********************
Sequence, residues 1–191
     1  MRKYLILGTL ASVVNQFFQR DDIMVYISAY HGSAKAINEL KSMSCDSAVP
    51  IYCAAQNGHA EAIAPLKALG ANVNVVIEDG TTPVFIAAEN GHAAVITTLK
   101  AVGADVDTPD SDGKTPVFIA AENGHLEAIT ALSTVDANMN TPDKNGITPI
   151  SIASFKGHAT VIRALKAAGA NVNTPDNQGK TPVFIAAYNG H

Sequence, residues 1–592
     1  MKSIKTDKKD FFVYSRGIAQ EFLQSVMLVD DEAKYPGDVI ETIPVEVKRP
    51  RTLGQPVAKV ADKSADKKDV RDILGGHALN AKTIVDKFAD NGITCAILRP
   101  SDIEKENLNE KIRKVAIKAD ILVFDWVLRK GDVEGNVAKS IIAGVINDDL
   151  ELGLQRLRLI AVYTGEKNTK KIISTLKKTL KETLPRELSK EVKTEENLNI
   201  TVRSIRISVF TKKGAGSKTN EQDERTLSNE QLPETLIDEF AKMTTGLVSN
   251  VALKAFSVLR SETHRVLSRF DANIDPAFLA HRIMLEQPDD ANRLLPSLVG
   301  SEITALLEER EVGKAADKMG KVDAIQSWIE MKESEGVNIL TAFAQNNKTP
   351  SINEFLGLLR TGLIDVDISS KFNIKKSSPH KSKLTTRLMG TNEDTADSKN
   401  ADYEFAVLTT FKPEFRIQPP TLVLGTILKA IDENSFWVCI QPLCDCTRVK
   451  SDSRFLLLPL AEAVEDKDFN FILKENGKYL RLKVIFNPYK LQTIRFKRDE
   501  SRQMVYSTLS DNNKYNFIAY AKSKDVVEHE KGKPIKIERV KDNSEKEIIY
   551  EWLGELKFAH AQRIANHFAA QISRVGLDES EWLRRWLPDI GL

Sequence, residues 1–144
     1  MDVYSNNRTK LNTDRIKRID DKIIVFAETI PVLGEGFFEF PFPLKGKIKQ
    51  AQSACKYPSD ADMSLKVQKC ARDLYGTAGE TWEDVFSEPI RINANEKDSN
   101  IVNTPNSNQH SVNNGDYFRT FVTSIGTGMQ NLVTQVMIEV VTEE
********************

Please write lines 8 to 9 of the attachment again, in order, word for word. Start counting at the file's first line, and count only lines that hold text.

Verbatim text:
    51  RTLGQPVAKV ADKSADKKDV RDILGGHALN AKTIVDKFAD NGITCAILRP
   101  SDIEKENLNE KIRKVAIKAD ILVFDWVLRK GDVEGNVAKS IIAGVINDDL